Why is more not made of what a total sham the weekly Top 25 Coaches Poll is? Of all the ridiculous things about the BCS (and there's a lot of them), the most ridiculous is that this poll makes up ONE FREAKING THIRD of the BCS rankings every week. ONE THIRD!!! This from a "coaches poll" that I can guaranteed is not filled out by one single college coach. Ok maybe the very first one, since they have all spring and summer to do it, and so Steve Spurrier can cast his one first place vote for Duke (where he got his first head coaching job). Oh what's that? They made him stop doing it because they thought it makes a mockery of the poll? Really? You know what else makes a mockery of the poll? THE ENTIRE POLL ITSELF!?!?! Good freaking gravy, college coaches do not, or at least should not, have the time to give an accurate poll of who the best 25 teams are in the country every week. They know their own teams, they know the teams they play each week, and they probably know enough about the teams in their conference. But for a Pac-10 coach to know if Minnesota is better than Oregon State, or a Big 12 coach to know if Texas is better than LSU? There's no freaking way!! The coaches ballots are filled out by either a grad assistant or the school's sports information director or the assistant sports information director or the assitant to the assistant of the sports information director. But hey, this is one third of the rankings for the BCS. Of course it is.

Anyway, to try to put some level of accountability on this whole biased, uninformed process, college fans and media wanted the coaches vote to be public. Every coach, every week. The coaches only relented to doing this for the final poll of the season, and now, they want to take that back. Why? Because they had the folks at Gallup take a look at it, and apparently that's what they're recommending. Look, I can understand all of the Gallup polls being secretive and not revealing a person's voting record, but this is not like voting for office. It should be public just like the voting record of senators and congressmen/women/people/PCblahblahblah. You're one third of the ranking for a system that will put HUGE money in your conferences' pockets and your school's pockets and therefore YOUR pockets if you vote for your team and those in your conference into a BCS game or higher than they deserve to be. Call me crazy, but I think a poll that has that much of a ramification on the outcome of the end of seasoson should be made public. Of course this would actually make sense for the fans, and when have those running college football ever done anything makes sense for the fans? Exactly.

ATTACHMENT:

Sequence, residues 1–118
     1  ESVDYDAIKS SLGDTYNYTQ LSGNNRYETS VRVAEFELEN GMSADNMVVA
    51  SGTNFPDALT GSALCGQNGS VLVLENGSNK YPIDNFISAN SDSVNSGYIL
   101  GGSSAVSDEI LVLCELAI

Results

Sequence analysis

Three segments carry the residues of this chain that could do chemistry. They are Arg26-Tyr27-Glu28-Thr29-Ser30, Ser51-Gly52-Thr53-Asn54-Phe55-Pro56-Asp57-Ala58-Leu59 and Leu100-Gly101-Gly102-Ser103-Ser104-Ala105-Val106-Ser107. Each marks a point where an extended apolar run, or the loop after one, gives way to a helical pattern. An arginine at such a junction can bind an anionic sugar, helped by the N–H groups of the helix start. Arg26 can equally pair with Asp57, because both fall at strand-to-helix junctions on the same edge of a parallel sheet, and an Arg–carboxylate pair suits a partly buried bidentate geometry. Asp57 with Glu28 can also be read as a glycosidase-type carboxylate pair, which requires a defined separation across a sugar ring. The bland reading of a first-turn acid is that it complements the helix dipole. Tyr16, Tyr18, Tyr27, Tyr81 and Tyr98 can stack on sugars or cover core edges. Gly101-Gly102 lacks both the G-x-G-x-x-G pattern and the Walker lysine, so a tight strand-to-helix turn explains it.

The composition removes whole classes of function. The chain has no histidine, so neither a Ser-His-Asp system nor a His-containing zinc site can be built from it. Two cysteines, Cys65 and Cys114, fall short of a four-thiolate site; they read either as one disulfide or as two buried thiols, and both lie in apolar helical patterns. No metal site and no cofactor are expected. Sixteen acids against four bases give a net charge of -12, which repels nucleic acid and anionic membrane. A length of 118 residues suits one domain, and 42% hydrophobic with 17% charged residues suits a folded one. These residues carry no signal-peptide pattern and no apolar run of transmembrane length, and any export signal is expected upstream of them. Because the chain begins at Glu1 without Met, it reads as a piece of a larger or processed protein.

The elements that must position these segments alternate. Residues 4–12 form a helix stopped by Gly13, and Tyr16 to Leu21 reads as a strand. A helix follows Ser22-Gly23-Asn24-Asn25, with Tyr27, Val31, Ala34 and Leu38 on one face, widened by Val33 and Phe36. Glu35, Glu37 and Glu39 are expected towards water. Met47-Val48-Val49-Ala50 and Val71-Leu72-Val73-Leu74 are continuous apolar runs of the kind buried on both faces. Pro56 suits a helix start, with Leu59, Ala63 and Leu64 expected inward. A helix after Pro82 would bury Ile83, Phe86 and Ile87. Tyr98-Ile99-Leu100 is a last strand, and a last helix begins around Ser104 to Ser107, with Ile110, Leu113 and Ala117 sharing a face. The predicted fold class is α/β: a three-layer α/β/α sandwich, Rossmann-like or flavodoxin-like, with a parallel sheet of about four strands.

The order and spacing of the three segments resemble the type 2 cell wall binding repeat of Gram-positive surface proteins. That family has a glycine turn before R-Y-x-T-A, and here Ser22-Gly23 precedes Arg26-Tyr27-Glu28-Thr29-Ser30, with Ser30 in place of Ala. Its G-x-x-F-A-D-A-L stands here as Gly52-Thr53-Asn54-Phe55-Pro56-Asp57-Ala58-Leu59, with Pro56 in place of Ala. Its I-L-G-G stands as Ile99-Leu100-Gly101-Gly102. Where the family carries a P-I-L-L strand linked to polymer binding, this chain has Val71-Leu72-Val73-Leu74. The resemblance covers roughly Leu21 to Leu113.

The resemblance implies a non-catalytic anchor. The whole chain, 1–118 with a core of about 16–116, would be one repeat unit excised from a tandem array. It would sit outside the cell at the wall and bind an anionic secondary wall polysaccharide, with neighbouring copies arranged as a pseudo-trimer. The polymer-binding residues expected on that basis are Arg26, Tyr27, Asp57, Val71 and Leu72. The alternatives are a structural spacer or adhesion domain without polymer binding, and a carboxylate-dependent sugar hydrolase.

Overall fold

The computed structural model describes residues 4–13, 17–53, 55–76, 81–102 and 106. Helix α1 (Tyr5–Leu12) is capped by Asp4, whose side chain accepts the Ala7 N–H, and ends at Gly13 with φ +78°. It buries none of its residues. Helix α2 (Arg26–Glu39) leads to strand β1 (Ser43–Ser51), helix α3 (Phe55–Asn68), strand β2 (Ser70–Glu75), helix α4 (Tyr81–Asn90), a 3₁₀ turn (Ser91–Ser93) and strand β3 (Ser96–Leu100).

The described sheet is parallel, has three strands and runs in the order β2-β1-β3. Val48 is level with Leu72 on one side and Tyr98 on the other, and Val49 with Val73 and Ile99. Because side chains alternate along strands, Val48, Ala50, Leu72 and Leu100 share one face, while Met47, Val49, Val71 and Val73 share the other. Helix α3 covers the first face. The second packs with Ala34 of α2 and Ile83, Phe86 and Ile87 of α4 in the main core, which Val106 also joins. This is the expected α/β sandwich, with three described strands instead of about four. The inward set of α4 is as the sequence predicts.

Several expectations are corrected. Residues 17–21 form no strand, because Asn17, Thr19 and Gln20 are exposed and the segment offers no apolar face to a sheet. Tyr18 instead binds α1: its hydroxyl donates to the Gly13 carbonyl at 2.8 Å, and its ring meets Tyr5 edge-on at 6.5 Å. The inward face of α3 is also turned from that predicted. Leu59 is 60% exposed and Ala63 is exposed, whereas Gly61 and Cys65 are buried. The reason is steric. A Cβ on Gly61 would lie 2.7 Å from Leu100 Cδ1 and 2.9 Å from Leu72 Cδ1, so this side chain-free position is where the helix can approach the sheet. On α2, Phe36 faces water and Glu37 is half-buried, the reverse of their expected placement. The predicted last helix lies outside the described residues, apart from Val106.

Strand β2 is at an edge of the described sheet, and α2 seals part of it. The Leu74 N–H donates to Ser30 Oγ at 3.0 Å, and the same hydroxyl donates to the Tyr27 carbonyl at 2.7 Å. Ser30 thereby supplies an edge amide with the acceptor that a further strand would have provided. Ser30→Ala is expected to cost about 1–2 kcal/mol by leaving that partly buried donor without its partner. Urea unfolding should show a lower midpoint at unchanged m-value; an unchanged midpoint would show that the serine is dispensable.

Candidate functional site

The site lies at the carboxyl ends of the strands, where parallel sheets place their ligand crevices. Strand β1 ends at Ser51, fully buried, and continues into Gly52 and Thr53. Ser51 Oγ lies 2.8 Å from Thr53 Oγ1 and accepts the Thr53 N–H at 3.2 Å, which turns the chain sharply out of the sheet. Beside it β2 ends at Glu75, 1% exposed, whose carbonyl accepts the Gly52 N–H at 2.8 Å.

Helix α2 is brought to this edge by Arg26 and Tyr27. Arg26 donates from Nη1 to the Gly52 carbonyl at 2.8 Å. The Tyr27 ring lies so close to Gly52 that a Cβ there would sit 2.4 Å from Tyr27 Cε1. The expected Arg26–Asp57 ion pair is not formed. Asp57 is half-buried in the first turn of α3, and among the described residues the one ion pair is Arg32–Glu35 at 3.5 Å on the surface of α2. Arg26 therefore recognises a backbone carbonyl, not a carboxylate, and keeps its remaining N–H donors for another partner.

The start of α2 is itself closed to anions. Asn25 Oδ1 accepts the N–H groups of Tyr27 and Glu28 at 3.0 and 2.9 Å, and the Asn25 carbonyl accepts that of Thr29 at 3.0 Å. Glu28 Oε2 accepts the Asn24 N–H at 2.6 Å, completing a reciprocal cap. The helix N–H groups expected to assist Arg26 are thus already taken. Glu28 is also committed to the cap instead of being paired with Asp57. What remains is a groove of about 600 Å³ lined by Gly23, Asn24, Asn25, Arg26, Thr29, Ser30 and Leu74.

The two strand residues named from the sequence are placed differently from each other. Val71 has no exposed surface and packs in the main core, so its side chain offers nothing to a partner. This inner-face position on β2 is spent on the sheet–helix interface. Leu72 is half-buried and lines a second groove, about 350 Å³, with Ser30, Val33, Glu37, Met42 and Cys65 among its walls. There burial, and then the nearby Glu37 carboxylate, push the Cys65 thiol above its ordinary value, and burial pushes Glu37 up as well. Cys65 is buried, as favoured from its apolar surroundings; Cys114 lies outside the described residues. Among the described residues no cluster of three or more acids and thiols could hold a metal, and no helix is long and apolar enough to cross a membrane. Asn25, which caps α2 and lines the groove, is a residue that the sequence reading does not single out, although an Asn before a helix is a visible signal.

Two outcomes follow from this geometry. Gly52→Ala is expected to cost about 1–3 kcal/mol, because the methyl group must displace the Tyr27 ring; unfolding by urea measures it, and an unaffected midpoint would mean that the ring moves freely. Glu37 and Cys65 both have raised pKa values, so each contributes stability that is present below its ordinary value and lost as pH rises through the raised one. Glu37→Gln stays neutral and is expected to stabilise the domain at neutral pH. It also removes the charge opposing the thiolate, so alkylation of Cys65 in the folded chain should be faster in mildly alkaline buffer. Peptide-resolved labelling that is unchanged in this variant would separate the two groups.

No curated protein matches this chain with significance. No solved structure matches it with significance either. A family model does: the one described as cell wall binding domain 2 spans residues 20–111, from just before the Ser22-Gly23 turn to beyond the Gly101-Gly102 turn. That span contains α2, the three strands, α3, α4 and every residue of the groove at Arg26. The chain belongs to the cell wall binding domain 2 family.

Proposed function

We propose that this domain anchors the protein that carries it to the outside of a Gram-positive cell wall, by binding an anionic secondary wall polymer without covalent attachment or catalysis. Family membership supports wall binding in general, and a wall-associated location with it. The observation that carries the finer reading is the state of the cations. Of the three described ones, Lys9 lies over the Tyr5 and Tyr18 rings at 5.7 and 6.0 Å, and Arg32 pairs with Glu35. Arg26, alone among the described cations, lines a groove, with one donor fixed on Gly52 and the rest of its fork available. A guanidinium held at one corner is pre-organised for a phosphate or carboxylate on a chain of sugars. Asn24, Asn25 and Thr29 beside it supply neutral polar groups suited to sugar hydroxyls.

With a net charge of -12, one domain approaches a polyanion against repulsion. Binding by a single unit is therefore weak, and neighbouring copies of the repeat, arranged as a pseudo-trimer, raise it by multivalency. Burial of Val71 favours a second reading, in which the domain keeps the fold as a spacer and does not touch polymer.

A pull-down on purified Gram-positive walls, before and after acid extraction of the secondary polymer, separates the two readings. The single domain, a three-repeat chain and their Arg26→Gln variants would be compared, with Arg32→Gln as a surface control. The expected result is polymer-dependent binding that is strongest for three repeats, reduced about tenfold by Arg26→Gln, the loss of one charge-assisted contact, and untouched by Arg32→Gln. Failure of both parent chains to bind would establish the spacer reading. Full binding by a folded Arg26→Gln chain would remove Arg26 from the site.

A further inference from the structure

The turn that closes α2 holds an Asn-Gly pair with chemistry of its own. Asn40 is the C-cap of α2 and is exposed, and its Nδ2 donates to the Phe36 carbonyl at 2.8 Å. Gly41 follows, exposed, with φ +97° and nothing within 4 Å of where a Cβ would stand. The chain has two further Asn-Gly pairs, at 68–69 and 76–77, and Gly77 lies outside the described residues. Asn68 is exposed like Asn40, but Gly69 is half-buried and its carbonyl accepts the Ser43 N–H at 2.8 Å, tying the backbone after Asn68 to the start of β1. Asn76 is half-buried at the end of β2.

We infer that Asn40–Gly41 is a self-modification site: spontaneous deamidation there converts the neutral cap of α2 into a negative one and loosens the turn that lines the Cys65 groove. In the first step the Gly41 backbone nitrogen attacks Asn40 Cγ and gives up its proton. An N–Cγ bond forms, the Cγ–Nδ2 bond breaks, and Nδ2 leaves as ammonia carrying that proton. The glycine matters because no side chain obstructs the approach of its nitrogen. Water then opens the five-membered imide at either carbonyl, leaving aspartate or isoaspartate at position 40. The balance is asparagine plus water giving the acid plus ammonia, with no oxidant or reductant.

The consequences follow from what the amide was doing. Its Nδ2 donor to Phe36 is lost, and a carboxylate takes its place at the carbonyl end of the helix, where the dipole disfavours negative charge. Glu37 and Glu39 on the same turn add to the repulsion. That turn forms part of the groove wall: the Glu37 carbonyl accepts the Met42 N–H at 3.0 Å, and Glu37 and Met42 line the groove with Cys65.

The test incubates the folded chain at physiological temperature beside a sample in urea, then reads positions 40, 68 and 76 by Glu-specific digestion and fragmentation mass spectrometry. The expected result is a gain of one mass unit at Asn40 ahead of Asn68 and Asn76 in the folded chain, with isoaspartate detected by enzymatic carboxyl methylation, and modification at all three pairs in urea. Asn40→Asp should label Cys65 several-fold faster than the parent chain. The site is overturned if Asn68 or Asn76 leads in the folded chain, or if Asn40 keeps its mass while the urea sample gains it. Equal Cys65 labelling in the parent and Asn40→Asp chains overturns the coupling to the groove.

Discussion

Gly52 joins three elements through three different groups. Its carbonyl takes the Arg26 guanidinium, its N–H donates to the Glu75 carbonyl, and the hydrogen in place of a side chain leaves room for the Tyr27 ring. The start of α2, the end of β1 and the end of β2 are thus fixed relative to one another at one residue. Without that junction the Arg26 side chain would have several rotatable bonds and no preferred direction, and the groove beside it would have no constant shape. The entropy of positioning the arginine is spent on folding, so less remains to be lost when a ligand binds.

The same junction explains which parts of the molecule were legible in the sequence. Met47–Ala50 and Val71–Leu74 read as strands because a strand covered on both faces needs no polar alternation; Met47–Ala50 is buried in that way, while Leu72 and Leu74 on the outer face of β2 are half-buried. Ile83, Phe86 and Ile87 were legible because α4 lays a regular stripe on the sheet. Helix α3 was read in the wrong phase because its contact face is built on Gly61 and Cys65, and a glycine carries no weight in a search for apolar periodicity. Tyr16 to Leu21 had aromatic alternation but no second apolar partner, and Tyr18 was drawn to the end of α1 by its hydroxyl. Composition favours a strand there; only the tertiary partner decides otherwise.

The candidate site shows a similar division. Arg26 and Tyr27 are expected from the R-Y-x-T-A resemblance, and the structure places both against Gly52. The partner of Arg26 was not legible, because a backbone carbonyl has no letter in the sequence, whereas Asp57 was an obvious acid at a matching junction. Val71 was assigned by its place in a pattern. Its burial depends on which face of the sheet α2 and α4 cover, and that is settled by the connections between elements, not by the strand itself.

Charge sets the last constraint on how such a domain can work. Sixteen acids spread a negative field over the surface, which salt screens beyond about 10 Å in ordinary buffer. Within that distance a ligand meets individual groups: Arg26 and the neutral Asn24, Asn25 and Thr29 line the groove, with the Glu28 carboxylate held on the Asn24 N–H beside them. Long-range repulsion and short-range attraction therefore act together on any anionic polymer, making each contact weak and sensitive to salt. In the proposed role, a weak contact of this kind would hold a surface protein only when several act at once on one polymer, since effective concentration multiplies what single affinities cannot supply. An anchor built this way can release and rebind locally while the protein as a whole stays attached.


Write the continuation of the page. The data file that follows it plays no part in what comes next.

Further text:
Former Nebraska and Arizona State quarterback Sam Keller is suing college football game maker EA Sports and the NCAA, saying the video-game maker wrongly uses the names and likenesses of athletes and the NCAA sanctions the practice. As you no doubt know, NCAA players cannot make any money from their college success while in college, and therefore the NCAA can not sell college jerseys or merchandise with a players' NAME on them. Of course, the NCAA gets around this by selling college jerseys every year with the numbers of the team's best player on them, but since the name isn't included, they have argued successfully that the jersey number has no relation to the player because his name isn't on it. This is all a bunch of baloney, of course, because you know damn well Ohio State fans are buying up #2 Buckeyes jerseys and Minnesota fans are buying up #7 Gophers jerseys because that's the number of Terrelle Pryor and Eric Decker (I would LOVE to see a study forcing the NCAA to prove that people are buying the jersey because it's their school jersey and not because of the player wearing it. If you went to the Gopher school bookstore and put a #7 jersey and a #0 jersey side by side, I can guarantee you that a #0 jersey wouldn't see until they were out of #7 jerseys).

Likewise the EA Sports NCAA Football video game (my favorite game on the planet), does not use player names in the game, but instead has players on the roster that are identical to the players on a college football teams every year, they just use the player numbers for names. For example, Decker would be named "WR #7" in the game. His height, weight, number and game ratings would be exactly like those of Eric Decker, just without the actual name. In the article the NCAA and EA Sports appear confident they'll beat this in court, but I'm not so sure. I mean, when you give a player his actual name, the in-game announcers say it. If the players are just supposed to be random players and are NOT based on the real guys, then why are the in-game announcers able to pronounce all of the names once they're changed?

It also just seems REALLY random that Keller would do this now, and not when he was in school. NOt only that, but I would think the jersey thing would be even more obvious and easy to disprove than the video games. Just have to wonder what Keller's motives are in all of this, especially when he says he's "not interested in getting compensated for himself." Maybe he's just mad they didn't make his unlikeness better than he actually was?